Four strange ways to make a living
I recently read an article about the oil fields in North Dakota that mentioned Mitchel Brown, a freelance horizontal drilling expert. Brown was described as "a sawed-off shotgun of a man with a high excitable voice and mismatched eyes -- one blue and one eggplant colored, since an accident in 1990 when a hose on a rig collapsed and sprayed hydraulic fluid in his face." The article went on to tell that Brown held his first job on a rig at the age of 14 in Oklahoma, where his father was a professional trap shooter.
When I read about a professional trap shooter, I stopped reading about the oil fields and Mitchel Brown and wondered about the life of a professional trap shooter, and whether all of them have "sawed off shotgun" sons and even whether a blue eye is better for aiming then an eggplant one. One thing leads to another when you're just imagining, and I also got curious about other strange ways to make a living.
The sport of trap shooting started in 1793 when they originally shot live pigeons for competition. Then, around Civil War time, they switched to clay pigeons because passenger pigeons were nearing extinction and were needed, with their little built-in radar systems, for the war effort. Trap shooting is even an Olympic sport now, with international competition requiring 125 shots. All I know about the sport, for pros or amateurs, is that they wear ear gear to protect their hearing from the loud booms. How much these folks earn is not reported, but if you can nail 124 out of 125 clay pigeons time after time I would guess you could put food on the table and buy jeans and bikes for the kids.
Our son, Buckwheat, has a neighbor who is a professional fisherman. It's not his hobby, it's his career. That's right, his only job is to fish in tournaments against other professionals. Of course these pros have sponsors who provide boats, motors, tackle, caps, jackets -- everything but worms and leeches. Some of them have second jobs, but the good ones (it has nothing to do with luck) can make up to $75,000-$100,000 a year. Buckwheat's neighbor doesn't have a second job, he has a wife who practices medicine. Even my grandson, Christian, who would rather fish that eat ice cream bars, says he would never be able to do nothing but fish.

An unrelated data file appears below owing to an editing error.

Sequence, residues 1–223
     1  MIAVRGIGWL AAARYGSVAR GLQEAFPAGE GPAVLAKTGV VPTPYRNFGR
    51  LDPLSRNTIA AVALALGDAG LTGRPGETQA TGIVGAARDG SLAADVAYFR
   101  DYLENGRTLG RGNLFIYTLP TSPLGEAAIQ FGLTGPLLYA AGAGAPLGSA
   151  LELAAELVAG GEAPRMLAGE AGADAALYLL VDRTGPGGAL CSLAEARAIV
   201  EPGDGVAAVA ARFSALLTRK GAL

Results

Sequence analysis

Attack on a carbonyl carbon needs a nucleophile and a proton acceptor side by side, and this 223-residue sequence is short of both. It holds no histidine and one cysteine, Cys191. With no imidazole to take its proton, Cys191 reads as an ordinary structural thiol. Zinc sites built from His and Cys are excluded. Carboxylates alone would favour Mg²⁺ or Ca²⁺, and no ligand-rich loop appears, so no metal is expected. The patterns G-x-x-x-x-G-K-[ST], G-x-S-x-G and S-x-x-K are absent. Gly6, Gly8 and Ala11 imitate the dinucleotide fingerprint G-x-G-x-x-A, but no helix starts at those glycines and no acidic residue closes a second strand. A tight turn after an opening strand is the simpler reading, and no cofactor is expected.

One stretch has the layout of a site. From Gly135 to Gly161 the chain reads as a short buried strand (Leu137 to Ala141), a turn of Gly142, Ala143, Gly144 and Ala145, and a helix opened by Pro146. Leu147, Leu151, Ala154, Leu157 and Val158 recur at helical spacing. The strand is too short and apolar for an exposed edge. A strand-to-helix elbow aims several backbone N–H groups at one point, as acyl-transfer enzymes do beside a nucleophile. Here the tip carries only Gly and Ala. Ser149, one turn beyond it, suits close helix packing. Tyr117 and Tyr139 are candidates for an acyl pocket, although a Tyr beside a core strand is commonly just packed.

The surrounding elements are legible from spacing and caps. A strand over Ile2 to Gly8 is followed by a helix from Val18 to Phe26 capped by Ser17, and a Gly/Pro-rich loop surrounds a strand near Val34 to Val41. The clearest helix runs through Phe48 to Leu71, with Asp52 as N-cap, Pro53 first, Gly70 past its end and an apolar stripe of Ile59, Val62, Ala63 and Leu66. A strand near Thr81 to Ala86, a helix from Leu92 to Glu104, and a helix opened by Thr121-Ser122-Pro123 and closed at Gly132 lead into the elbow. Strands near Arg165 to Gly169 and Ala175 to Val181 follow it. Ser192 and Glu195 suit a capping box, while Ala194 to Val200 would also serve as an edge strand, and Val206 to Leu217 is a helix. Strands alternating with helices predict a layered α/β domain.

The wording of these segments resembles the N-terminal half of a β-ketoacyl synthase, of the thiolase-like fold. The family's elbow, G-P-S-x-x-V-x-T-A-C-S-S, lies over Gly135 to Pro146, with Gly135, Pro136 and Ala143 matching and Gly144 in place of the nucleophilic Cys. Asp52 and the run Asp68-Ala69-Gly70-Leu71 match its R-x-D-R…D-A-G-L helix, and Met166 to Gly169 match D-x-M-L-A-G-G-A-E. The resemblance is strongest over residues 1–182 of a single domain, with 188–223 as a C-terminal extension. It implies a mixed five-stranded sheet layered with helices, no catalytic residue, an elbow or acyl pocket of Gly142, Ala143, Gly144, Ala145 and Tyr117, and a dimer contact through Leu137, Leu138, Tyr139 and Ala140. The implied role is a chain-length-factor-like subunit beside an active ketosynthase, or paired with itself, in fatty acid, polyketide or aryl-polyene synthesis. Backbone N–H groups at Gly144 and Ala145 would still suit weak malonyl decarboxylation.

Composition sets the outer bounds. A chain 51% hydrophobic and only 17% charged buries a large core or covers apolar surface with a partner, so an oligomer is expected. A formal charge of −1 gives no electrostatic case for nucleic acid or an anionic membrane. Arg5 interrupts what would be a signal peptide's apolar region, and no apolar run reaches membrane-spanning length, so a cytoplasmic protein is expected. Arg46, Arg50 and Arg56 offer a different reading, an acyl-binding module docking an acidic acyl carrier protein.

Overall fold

You can also make a living as a professional body builder. But it's not easy. If you don't have a natural "x" shaped body with wide shoulders and narrow hips, don't even think about it. But if you do and decide to pursue muscles for money, you will find yourself working out strenuously, studying carbohydrates, proteins, dietary supplements (and anabolic steroids too if you care to bulk up big and fast the way Arnold Schwarzenegger did) and get yourself some gross posing trunks, shave your entire body, including armpits, tan and oil yourself and prepare to flex and pose. That all makes trap shooting and fishing sound pretty appealing, doesn't it?
Another way to make a living, if you have the stomach for it, is professional eating. These pros are known as "gurgitators." This sport is most popular in Japan and the U.S. The competitive menu includes hot dogs, hamburgers, pancakes, chicken wings, asparagus (for vegetarians presumably), ribs and even whole turkeys. Most contests last less than 15 minutes, and provide up to $10,000 in prize money. The International Federation of Competitive Eating provides up to $400,000 in prizes each year. The less prestigious, Association of Independent Eaters, founded by "Chowhead" Chapman, offers smaller prizes. The recognized champion of competitive eating is Joey Chestnut, 27, who set a world record at the Nathan's Hot Dog Competition on July 4, 2009, on Coney Island, where he rammed down 68 hot dogs in 10 minutes. Chestnut earned $218,500 in his profession last year.
If there is a moral to this story it is this: Unless you have an eggplant shooting eye that never misses, you're a master fisherman, have a young "x" shaped body, relish eating 60 hot dogs in 10 minutes for a living or are married to a doctor, don't quit your day job.